The Wimbledon championship was the scene for round 21 of world number two, Swiss Roger Federer, versus world number six, American Andy Roddick. For the second consecutive year, the men’s final had one exhausting superlatives as Federer vanquished Roddick in a five set marathon 5-7, 7-6, 7-6, 3-6, 16-14 for his sixth Wimbledon prize and a record setting fifteen majors.
Roddick baptized the match by blasting away on serve and holding for 1-0. Federer, no slouch himself, kept up on serve. After neither neared the other’s serve, at 5 all, Roddick appeared on the verge of cracking. With two inexplicable errors, Roddick faced 0-30. But with two explosive serves, Andy forced Roger to miss. Yet, in the first long rally of the match, 18 strokes, Federer dipped a forehand so low that Roddick made a forehand error giving the Swiss his first break point. Still, with his star stroke, the serve, Roddick escaped. Federer got three more chances; however, Roddick came up with the answers each time and took the lead 6-5. Now, it became conspicuous to Federer that there was a new nuance to Roddick’s game. Although the serves were still coming at ungodly speed, Federer’s customary tactic of blocking them back was futile because of variety and placement. Furthermore, Roddick’s weaker stroke, the backhand, was producing winners either down the line or crosscourt, a novelty to Federer. These developments contributed to Federer slicing a backhand and forehand up the line long to give Roddick break point and subsequently the set.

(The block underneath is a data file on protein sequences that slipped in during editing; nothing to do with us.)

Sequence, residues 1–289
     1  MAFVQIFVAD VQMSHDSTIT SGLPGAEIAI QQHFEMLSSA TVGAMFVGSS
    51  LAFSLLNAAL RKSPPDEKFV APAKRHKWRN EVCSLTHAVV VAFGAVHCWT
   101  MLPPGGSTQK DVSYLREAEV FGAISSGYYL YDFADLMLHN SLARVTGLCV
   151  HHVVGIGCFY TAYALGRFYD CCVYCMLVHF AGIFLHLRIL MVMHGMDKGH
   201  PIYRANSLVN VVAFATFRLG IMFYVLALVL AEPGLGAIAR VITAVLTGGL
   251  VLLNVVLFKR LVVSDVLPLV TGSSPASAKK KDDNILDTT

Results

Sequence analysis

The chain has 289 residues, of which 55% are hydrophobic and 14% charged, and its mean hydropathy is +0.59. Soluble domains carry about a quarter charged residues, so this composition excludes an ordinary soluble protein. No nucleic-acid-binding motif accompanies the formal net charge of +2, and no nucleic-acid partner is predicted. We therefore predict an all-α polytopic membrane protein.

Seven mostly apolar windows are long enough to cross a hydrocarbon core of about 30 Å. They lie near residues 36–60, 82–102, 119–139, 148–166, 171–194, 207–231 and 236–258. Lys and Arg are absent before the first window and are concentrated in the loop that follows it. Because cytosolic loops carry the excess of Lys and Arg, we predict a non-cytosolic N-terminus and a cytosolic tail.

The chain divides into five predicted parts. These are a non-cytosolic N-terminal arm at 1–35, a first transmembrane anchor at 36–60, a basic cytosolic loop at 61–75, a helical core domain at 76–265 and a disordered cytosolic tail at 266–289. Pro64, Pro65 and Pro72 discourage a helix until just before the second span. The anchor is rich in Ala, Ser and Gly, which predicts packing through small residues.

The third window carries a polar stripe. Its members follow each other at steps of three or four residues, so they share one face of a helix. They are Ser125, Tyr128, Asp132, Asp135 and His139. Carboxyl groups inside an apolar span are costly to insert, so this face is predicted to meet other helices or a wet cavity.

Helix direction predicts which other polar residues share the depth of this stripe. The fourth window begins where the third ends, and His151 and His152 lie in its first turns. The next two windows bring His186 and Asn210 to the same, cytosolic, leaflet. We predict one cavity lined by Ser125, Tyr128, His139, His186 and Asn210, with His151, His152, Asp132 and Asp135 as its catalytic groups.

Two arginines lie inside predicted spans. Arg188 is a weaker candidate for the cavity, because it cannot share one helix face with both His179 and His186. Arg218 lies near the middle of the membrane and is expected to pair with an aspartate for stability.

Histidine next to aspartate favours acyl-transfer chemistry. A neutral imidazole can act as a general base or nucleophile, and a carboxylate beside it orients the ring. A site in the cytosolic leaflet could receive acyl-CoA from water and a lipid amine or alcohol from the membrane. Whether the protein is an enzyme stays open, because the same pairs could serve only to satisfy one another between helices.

In the second set, Roddick continued his brilliant play, volleying well from both wings. But, Federer’s shot making ability was also on display as he tracked down a Roddick dropshot and flicked it crosscourt for a backhand winner in a 23 stroke rally to hold for 5 all. No break point on sale by either man, the set went to a tiebreaker. A forehand error by Federer handed Roddick a mini-break for 2-0. Andy got a second mini-break and a 5-1 edge when Federer pushed a backhand down the line long. The Swiss appeared on his way to a two set deficit. Federer saved the first set point with a backhand crosscourt winner on Roddick’s serve. After Federer protected his serve, Roddick missed a backhand volley which leveled the tiebreaker at 6 all. Then, Federer provoked a volley error from Roddick with a low backhand to earn set point which the Swiss converted when the American’s backhand sailed long.
After the previous set’s disappointment, Roddick could have wilted away. To the contrary, with a forehand down the line winner, Roddick salvaged his first service game and carried his second at love. Serving at 2-3, Roddick sliced a backhand long donating to Federer a break point. Yet, with a great body serve, Andy got back on track and eventually rescued the game. With each player’s tactical acumen spot on, the proprietor of the set was settled by a tiebreaker. With a low backhand slice, Federer forced a backhand error from Roddick to go up a mini-break at 2-1. Subsequently, with Roddick netting a forehand, Federer extended his lead by two mini-breaks at 5-2. Roddick got one back with a forehand crosscourt winner and held serve for 5-6. However, Andy could not steal the set as Roger had done the second as Federer spoiled Roddick’s plan with a forehand crosscourt winner.